The inclusion in C4's Big Art Project was a welcome boost to the efforts of all concerned. All that was needed now was an artist and a piece of art! A detailed design brief had been created and members of the Big Art Project Focus Group in St.Helens made research trips to see the Angel of the North in Gateshead and public art in the Ruhr Valley in Germany.

Behind the scenes a lot of work was taking place to get the funding in place and to maximise involvement in the project. On March 28th 2007 the St.Helens Big Art Project was officially launched at the World of Glass by Channel 4 in front of invited guests from the business, arts and regeneration communities. Then on April 30th 2007, Channel 4 broadcast a short taster for the Big Art TV series in 'Three Minute Wonder' featuring the former St.Helens miners walking in the Sutton Manor woodland as St.Helens comedian Johnny Vegas read Brian Salkeld's touching poem 'Memories'. The Thatto Heath funnyman's fee for his narration … two steak pies from Livesleys!

Committee meetings were held in the then Smithy Manor pub and in May a shortlisting evening was held in which renowned Catalan artist Jaume Plensa was invited to submit a proposal. It was quite a coup to get someone of his stature involved with Laurie Peake of the Liverpool Biennial organisation playing a key role in his recruitment.

On July 23rd the announcement was made that the commission to design the artwork at the Manor had been accepted by Jaume Plensa. Jaume was born in Barcelona and has exhibited all over the world. His most famous commission is the iconic Crown Fountain located in the centre of Chicago and his public artworks include a laser beam light which fitted perfectly the then working title 'ex terra lucem' (From the earth cometh light).

On July 26th the St.Helens Star printed the story on the front page of its weekly paper in an article entitled 'Our Angel'. Although there'd been some local publicity previously, this was the biggest so far and a backlash quickly began! Unfortunately, the newspaper had not indicated the funding sources in its piece and so some readers assumed that the then estimated cost of £700,000 would be coming out of their council tax. So John Whaling of St Helens Council sent his own letter to the Star (16/8/2007) pointing out that the funds were not transferable for other uses:

'In response to letters relating to the Channel 4 Big Art Project in St Helens, I can assure the local community that none of the funding for this exciting initiative is coming from Council taxpayers' money. The £700,000 we have successfully secured so far is all from external funding sources, namely the Arts Council, North West Coalfield Communities Regeneration Programme, a Forestry Commission endowment specifically ringfenced for public art, and the Local Enterprise Growth Initiative. In other words, none of the funding could otherwise be used to pay for statutory Council or other mainstream public services such as education, or social or health care.'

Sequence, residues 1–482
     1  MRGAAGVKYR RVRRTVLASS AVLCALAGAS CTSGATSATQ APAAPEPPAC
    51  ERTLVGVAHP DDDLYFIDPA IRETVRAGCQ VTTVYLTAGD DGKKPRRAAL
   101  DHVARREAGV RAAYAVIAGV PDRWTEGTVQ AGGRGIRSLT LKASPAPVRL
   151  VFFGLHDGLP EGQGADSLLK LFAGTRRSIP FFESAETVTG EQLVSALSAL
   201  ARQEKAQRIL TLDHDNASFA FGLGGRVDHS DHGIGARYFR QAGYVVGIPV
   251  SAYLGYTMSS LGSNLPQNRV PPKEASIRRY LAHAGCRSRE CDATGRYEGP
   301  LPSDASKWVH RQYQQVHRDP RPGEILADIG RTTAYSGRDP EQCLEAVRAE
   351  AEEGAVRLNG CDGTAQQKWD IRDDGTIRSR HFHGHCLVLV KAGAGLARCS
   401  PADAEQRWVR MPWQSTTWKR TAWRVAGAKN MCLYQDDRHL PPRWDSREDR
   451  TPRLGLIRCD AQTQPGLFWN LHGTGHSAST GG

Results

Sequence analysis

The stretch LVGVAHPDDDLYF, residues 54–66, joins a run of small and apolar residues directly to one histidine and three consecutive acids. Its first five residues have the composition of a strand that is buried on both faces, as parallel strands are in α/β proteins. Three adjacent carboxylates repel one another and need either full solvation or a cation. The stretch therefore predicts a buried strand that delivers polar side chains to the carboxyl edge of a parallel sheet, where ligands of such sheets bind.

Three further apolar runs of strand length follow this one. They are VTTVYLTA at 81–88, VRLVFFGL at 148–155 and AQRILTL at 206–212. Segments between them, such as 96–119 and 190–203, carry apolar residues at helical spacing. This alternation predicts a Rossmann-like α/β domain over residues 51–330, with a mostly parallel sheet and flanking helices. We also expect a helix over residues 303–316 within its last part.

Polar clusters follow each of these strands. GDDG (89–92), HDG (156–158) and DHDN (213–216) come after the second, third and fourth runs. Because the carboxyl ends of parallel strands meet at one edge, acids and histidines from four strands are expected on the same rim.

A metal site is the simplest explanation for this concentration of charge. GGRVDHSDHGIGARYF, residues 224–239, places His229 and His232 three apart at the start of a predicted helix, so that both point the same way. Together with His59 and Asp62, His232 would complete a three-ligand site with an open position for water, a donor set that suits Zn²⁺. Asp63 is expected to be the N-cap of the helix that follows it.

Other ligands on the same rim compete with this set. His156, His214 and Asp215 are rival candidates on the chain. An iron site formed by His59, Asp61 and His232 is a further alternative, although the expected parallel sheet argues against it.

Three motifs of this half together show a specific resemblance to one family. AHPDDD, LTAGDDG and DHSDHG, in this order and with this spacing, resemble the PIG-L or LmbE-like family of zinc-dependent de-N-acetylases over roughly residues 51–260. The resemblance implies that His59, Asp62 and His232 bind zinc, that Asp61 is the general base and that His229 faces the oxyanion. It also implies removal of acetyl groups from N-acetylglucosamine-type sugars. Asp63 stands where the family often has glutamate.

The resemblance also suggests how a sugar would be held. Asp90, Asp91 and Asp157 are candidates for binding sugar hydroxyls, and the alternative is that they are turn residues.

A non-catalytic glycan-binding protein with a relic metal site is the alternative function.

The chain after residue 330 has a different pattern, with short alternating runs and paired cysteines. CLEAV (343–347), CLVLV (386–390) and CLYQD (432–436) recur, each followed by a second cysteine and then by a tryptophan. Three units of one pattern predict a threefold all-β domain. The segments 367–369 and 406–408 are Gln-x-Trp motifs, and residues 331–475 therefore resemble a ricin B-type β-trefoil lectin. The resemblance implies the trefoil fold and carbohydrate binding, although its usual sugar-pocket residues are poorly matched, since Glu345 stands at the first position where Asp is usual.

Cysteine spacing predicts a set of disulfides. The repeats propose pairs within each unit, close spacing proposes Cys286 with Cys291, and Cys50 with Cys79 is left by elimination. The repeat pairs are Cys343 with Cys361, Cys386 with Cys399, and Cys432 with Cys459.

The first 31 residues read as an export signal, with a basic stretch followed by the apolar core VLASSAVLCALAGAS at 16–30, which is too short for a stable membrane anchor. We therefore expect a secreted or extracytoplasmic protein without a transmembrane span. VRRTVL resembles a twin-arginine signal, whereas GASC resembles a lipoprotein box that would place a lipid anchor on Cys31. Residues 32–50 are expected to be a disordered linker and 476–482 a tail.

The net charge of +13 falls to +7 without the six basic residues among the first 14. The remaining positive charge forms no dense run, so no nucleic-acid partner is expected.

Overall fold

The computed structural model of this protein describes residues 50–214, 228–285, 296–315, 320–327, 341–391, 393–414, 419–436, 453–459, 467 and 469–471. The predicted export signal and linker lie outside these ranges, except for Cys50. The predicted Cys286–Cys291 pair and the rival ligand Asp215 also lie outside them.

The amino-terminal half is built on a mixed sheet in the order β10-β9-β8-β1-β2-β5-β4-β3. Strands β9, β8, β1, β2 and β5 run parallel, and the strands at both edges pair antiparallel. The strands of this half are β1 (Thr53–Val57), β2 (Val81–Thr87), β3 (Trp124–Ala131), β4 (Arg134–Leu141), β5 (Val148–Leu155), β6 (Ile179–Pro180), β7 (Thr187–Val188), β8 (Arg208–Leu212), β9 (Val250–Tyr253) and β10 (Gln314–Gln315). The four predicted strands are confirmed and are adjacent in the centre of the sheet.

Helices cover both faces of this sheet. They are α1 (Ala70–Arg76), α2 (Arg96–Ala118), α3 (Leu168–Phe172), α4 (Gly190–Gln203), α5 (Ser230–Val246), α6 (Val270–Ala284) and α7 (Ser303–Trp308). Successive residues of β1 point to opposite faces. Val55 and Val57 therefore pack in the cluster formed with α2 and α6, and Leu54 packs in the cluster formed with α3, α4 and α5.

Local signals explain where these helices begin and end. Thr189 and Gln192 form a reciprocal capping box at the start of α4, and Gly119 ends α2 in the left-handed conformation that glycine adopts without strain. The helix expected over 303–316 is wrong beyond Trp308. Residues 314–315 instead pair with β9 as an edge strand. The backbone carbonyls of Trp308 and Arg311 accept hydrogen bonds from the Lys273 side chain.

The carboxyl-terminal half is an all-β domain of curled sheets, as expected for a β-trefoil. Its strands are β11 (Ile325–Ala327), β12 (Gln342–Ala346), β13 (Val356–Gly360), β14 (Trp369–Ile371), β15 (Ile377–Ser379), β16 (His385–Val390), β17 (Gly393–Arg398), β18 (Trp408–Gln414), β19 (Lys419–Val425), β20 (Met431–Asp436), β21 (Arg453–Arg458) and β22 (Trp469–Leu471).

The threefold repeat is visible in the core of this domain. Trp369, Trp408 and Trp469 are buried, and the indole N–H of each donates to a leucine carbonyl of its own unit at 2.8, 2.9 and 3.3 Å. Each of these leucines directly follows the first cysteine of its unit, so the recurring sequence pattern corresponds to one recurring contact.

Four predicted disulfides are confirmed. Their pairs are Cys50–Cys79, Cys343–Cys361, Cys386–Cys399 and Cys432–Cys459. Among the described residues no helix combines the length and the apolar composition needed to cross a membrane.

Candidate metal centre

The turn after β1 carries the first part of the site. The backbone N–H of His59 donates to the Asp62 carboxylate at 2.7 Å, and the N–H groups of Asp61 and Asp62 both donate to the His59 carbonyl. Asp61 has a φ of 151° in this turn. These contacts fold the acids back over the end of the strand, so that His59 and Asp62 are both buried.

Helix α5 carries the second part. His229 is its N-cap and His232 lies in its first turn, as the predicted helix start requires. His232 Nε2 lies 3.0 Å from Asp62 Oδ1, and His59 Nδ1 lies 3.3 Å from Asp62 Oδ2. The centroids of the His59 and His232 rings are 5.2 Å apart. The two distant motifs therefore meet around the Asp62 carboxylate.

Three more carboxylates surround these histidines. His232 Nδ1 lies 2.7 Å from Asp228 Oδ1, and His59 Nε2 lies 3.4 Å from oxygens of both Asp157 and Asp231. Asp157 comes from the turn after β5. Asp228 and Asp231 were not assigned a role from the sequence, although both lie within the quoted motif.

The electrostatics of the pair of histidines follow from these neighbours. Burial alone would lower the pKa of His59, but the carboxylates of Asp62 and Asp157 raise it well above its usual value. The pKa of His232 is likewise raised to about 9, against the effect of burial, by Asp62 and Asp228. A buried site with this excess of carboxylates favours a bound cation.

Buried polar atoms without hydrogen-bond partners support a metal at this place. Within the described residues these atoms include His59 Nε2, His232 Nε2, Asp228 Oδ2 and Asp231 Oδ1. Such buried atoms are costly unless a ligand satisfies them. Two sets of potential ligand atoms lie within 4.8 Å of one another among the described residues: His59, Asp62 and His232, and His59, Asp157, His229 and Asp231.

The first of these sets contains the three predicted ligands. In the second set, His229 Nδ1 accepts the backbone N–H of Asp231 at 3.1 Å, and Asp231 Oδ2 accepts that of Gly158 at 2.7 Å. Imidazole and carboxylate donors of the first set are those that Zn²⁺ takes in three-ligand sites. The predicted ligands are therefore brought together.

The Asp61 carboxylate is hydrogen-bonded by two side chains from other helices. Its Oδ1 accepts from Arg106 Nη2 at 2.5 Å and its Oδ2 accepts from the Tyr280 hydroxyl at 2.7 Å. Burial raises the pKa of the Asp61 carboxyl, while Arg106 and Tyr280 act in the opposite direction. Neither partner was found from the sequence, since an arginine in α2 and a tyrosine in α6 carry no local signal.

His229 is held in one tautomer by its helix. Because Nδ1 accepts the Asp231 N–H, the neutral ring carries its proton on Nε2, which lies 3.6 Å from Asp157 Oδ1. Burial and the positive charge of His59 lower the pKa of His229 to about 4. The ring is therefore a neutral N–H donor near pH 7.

Back at the Smithy Manor, the mining focus group had come to the decision that they did not want a literal mining monument but instead an art structure that as well as referencing the past, would breath new life into the site and be admired by thousands of visitors. Gary Conley takes up the story:

'When Jaume Plensa first came to our site he initially looked at it through our eyes, but we didn't want that. We wanted an artist to come and look at it through his own eyes, while fulfilling our remit to reference the past but look towards something in the future. So we had to say what he showed us first of all, wasn't what we were after. He then asked us if we'd like to see his original idea, which he had scrapped because he didn't think we'd like it. We said 'Yes', and that led to Dream. Jaume was shocked to find that although we were ex-miners we didn't want something like a mining monument, but were after something contemporary that people would ask questions about, something that would take St Helens into the future inspiring the next generations.'

Although the Dream concept was first discussed by the focus group in October 2007, it took until the late Spring of 2008 before a model could be unveiled to the media and public and details disclosed.

In the meantime the community engagement programme - of which one strand was called 'Big Art's Little Art' (after C4's 'Big Brother's Little Brother' show) - continued with more than 3,000 local people attending 24 public exhibitions and 60 ambassadors signed up to help promote the Big Art Project in St.Helens. The residents of St.Helens were invited to rearrange the letters 'National Coal Board Sutton Manor Colliery' to create a motto to herald the future of the town.